William Thacker who died
in 1854, owned Muchall Hall and the surrounding land. After his
death the estate was sold. Most of the land on the northern side of
the hall was purchased by Charles Clark, one of the co-founders of
T. and C. Clark & Company Limited, founded in 1795 and based at
Shakespeare Foundry. It grew to be one of the largest iron foundries
Charles Clark became mayor of Wolverhampton in
1860 after being a member of the Corporation since its formation as
a municipal body. He became a Councillor, Alderman, and later Chief
In about 1860 he built Muchall Grove which
became his home. Sadly he only lived there for a few years. On the
29th January, 1863 he died. A diary found in a deed box in St.
has the following entry: 'This morning Mr. Charles Clark of Muchall Grove, J.P. and alderman of
Wolverhampton put a period to his existence in a fit of temporary
insanity; to the great grief of his family and sincere regret of his
As a sincere well wisher to the working classes, his loss will be
greatly felt in the district'.
After Charles Clark's death the house was purchased by ironfounder Edward Thomas Wright.
By 1881 the house had been purchased by Stephen John Thompson, who
lived there with his wife Louisa, daughter Ethel and son Stephen. By
1904 Mrs. Thompson was living alone, so presumably her husband had
died. In 1908 the house was put-up for sale.
||A plan of the ground floor of
Muchall Grove, based on a plan in the 1908 sales
In Kelly's 1912 Staffordshire directory, Mrs.
Thompson is still listed as living there, as she is in the 1915,
1925 and 1927 Wolverhampton Red Books. In the 1930 Wolverhampton Red
Book, the house is listed as being occupied by Mrs. MacIntyre. Muchall Grove was purchased by Wolverhampton Council in 1945 for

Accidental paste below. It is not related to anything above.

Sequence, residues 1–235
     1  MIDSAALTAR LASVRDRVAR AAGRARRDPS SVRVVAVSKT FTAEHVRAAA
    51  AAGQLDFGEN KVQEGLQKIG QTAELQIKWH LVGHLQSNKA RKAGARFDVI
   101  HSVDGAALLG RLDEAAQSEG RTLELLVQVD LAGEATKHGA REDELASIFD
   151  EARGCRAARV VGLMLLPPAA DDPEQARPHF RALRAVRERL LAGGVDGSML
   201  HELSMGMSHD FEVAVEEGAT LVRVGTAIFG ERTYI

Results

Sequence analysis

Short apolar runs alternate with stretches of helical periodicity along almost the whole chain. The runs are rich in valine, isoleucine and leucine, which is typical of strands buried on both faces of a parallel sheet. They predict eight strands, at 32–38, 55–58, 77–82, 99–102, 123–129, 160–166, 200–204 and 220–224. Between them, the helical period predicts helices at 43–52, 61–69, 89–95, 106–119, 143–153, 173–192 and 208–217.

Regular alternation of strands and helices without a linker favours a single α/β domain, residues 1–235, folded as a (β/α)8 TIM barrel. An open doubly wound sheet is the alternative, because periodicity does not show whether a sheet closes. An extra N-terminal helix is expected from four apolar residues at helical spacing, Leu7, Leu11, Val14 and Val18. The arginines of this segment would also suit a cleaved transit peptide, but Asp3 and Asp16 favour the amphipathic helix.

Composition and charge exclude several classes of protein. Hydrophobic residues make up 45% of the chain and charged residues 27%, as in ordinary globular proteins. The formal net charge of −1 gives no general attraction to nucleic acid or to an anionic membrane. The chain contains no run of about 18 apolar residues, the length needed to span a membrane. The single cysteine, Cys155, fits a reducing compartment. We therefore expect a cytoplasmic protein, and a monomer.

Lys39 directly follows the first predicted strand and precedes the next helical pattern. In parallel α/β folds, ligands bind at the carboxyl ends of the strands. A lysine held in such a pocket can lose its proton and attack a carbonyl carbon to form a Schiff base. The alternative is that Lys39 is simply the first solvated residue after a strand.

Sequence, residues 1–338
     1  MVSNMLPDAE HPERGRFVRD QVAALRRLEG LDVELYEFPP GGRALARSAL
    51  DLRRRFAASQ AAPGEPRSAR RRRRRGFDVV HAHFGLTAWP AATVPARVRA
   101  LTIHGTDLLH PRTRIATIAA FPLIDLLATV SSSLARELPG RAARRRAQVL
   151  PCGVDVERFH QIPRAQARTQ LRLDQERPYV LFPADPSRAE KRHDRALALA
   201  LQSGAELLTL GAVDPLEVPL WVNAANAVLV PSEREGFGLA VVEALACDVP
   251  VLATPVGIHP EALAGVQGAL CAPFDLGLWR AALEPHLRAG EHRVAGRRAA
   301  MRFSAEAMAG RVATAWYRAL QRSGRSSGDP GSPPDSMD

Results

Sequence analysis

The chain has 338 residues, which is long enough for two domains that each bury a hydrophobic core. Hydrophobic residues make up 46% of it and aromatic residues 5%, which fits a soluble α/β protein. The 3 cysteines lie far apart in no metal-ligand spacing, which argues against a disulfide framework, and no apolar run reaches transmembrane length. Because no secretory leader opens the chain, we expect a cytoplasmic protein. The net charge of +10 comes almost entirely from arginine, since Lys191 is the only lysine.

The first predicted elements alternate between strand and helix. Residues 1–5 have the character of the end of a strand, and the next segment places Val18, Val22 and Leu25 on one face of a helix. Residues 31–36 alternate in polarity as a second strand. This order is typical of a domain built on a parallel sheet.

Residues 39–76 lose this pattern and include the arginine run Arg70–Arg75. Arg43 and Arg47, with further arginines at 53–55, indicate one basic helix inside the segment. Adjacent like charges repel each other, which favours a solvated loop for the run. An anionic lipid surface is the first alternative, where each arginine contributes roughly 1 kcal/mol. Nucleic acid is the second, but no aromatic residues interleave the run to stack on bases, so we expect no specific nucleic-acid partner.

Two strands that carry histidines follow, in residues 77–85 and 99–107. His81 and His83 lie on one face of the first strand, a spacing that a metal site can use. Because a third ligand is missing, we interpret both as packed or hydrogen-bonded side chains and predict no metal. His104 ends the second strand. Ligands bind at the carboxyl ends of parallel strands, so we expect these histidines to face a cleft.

use as a civil defence establishment. In 1962 the house was
demolished to make way for an old people's home.
Muchall Hall was a grand house
on the corner of Mount Road (previously Cockoo Lane) and Manor Road.
It is marked on Yates' map of 1775, but is not named.
In 1815 the
house was bought by William Thacker, who was a solicitor. It is
listed in William Pitt's Topographical History of Staffordshire,
published in 1817 as belonging to William Thacker and Mr. Burne. It is
listed in William White's 1851 History, Gazetteer and Directory of
Staffordshire as belonging to Robert Thacker. After Mr. Thacker's death in
1854 the house and the estate were sold. The house was purchased by
Richard Warner who lived there with his wife Sarah and their son,
Richard Weston Warner. In 1878, Richard Warner died. By 1896 the
house was occupied by Edward Hickman, J.P. who is listed in Kelly's
1896 and 1904 Staffordshire directories. In Kelly's 1912 directory
the house is listed as being occupied by Albert Edward Thompson.
The rear of Huchall Hall.
Alan H. Twentyman was living there. Members of his family occupied
the house until it was eventually demolished. In 1954 the occupants
were Elizabeth B. Twentyman and Dennis C. Williams, and in 1961 the
house was occupied by Mrs. A. Twentyman and Dennis C. Williams.
1961 the house and 6 acres of land, were sold for £16,500. The house
was then demolished.
Members of the Twentyman family
outside what is believed to be the front of Muchall
Hall. Courtesy of Lawson Cartwright.